My visits to Wilson have not generally aligned well with LSP clean-ups, but this one did, and I was elated to join the last Black History Month effort at Odd Fellows. I am grateful to everyone who came out, including the cadre of Wilson Police Department officers that showed up early and stayed late to fell dead pines in the woods and clear winter’s dead weeds from the front; the pastors and members of Saint Timothy’s and Saint Mark’s Episcopal Churches; Our Wilson Mentoring; the Wilson Ward of the Church of Jesus Christ of Latter Day Saints (as always!); Wilson Alumnae Chapter of Delta Sigma Theta Sorority; Total Impact Church (who brought barbecue lunches!); WhirliDogs; Seeds of Hope; and — surprise! — a group of students from East Carolina University’s Center for Leadership and Civic Engagement, who came to Wilson to work at Seeds of Hope’s community garden and were steered over to Odd Fellows to learn a little Wilson history and help us out!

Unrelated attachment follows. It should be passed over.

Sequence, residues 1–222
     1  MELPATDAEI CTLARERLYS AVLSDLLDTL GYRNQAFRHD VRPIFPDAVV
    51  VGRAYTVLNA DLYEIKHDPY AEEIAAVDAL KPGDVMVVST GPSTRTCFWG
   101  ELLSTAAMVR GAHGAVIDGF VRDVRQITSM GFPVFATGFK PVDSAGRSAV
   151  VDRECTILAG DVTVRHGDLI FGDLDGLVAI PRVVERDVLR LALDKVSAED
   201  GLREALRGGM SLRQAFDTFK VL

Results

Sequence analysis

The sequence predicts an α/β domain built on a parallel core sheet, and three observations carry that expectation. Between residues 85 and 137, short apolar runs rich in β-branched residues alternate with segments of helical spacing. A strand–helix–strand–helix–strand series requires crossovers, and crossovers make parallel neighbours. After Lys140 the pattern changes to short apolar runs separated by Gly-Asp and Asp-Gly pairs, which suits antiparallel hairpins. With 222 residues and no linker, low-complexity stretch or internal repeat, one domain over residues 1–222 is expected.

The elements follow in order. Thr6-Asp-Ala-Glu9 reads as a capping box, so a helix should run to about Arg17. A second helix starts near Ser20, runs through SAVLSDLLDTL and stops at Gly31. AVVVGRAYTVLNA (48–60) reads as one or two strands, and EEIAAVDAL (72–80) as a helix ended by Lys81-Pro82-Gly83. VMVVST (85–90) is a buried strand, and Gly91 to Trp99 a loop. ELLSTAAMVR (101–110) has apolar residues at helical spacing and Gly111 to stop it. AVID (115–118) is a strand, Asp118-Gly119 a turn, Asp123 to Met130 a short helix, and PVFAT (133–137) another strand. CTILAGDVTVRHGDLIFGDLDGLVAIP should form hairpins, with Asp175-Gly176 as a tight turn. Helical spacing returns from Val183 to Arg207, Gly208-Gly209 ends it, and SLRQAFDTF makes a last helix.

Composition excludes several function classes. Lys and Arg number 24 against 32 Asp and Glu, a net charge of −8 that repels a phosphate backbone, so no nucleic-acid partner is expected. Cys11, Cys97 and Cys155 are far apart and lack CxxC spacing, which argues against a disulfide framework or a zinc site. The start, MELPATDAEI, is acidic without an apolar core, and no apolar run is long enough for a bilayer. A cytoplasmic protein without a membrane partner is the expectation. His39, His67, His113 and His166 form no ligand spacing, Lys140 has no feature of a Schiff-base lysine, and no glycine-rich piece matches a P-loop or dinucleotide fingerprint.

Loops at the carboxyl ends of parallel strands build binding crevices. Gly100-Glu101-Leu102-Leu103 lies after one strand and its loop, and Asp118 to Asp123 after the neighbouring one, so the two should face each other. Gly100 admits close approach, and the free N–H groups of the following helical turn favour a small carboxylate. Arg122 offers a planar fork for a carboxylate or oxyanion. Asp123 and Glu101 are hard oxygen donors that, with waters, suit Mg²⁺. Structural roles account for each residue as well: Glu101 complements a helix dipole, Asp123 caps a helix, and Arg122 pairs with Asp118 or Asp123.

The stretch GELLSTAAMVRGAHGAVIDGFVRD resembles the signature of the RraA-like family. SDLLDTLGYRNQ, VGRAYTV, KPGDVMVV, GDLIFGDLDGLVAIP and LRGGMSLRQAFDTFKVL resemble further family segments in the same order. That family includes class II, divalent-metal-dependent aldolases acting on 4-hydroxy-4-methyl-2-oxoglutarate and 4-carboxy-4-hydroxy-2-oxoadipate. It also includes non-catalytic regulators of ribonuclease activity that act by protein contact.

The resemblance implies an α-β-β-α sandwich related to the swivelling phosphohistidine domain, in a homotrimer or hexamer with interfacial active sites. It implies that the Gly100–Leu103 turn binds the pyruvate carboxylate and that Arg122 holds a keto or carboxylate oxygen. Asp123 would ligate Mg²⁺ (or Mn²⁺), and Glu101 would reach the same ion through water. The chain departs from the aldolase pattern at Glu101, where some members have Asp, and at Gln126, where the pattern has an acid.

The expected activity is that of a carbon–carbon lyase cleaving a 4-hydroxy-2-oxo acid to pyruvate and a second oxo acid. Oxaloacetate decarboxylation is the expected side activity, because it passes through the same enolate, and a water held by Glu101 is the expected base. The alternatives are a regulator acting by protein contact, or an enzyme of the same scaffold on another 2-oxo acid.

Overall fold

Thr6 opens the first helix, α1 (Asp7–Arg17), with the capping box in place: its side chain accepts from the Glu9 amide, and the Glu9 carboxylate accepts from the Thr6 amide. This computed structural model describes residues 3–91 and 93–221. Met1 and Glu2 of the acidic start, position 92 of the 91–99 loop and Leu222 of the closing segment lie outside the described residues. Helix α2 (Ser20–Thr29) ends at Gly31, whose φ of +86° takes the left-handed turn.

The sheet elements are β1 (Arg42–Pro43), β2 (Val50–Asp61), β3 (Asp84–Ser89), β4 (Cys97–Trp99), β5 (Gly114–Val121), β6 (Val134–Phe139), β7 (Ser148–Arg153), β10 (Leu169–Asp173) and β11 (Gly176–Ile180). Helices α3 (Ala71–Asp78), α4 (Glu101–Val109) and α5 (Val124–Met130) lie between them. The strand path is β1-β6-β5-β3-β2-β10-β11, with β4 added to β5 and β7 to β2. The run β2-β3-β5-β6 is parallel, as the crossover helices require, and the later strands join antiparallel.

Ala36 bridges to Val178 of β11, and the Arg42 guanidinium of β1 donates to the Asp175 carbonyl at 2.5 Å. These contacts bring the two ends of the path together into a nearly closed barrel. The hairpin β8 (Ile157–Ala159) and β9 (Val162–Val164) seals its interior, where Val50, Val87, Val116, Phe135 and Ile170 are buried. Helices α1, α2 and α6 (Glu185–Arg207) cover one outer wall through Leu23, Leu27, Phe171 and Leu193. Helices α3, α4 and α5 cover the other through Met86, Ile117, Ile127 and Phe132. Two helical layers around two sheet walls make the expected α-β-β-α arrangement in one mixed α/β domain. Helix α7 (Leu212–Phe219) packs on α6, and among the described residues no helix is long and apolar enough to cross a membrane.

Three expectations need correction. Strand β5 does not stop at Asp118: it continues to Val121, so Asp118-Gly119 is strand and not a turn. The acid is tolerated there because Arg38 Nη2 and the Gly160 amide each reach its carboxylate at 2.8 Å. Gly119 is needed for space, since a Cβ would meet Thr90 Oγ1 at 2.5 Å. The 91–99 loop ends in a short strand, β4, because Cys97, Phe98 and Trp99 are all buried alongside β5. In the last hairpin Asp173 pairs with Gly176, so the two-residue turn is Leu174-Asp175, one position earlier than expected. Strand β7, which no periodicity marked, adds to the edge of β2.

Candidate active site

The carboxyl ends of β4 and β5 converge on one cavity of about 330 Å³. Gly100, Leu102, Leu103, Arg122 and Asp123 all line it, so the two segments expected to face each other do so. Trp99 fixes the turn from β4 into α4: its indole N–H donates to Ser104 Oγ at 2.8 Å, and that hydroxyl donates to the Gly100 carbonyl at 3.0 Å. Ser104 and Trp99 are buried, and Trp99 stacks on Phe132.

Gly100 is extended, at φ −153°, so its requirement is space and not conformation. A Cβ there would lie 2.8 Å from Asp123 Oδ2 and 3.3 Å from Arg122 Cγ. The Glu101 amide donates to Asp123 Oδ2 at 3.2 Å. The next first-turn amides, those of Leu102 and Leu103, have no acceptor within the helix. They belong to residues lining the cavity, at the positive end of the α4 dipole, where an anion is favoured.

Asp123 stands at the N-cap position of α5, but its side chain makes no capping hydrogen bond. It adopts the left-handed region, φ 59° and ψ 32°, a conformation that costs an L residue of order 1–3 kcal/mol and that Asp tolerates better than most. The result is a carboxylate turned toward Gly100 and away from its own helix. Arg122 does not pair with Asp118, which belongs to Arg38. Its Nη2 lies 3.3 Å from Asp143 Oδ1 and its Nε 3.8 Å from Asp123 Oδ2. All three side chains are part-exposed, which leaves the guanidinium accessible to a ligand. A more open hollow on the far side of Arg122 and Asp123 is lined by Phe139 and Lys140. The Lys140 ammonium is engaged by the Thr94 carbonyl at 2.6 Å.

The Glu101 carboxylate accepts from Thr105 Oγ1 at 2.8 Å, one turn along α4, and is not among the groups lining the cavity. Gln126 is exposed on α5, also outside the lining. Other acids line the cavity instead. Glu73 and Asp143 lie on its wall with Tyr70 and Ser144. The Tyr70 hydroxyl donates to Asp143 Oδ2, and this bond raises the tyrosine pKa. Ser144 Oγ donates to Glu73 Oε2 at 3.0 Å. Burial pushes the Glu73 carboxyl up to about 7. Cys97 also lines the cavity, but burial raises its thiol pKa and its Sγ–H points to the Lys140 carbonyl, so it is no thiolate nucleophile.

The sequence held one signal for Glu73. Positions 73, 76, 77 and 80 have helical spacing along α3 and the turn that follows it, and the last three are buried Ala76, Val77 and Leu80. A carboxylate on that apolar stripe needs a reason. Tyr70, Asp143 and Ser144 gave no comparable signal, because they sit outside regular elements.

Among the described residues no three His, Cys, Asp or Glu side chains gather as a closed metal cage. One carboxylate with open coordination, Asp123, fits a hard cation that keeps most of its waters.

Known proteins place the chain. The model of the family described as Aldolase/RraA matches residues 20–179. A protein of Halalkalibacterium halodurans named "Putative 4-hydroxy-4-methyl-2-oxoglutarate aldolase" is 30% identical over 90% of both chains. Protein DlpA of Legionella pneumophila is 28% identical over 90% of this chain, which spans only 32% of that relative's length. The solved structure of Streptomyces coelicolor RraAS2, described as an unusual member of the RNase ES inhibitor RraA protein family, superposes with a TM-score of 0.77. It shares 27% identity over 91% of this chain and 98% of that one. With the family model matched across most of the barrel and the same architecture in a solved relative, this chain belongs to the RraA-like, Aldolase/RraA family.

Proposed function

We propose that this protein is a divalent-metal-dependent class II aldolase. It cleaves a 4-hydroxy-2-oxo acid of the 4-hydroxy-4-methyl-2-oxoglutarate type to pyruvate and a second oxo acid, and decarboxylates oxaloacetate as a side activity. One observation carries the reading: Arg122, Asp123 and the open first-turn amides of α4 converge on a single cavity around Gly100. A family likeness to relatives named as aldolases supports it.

A cautionary word, though. Safety first. Please, PLEASE don’t lean on monuments. After 100+ years, many are unstable. Henry Tart‘s obelisk, the largest in Odd Fellows, was accidentally toppled Saturday. Fortunately, no one was standing behind it when it fell, as they would have been seriously injured. The obelisk was not damaged, but will have to remain where it is until we can secure professional help to stabilize the base and reset the shaft and pyramidion.

Photos by Lisa Y. Henderson, February 2022.

Honored. Humbled.

I received the Wilson Human Relations Commission’s Social Justice Award Thursday, and Lane Street Project was a runner-up for the Community Initiative Award. Both projects are fueled by my love for the community that made me, and I take these honors as signs that Black Wide-Awake and Lane Street Project are sparking overdue conversations and effectuating positive change. Thank you!

Lane Street Project: Hooks joins Cemetery Commission.

I’m elated to introduce the newest member of Wilson Cemetery Commission — Castonoble Hooks.

Elder, griot, autodidact, social conscience, justice warrior, indefatigable charter member of Lane Street Project, Hooks will be an outstanding asset to the Commission as it enters an era of equity as the custodian of Vick Cemetery, as well as Rest Haven and Maplewood Cemeteries.

Photos of Hooks with section of wisteria vine cleared from Odd Fellows Cemetery and the misnamed entrance to the Vick parking lot, with wild Odd Fellows behind last fall. Copyright Chris Facey, all rights reserved.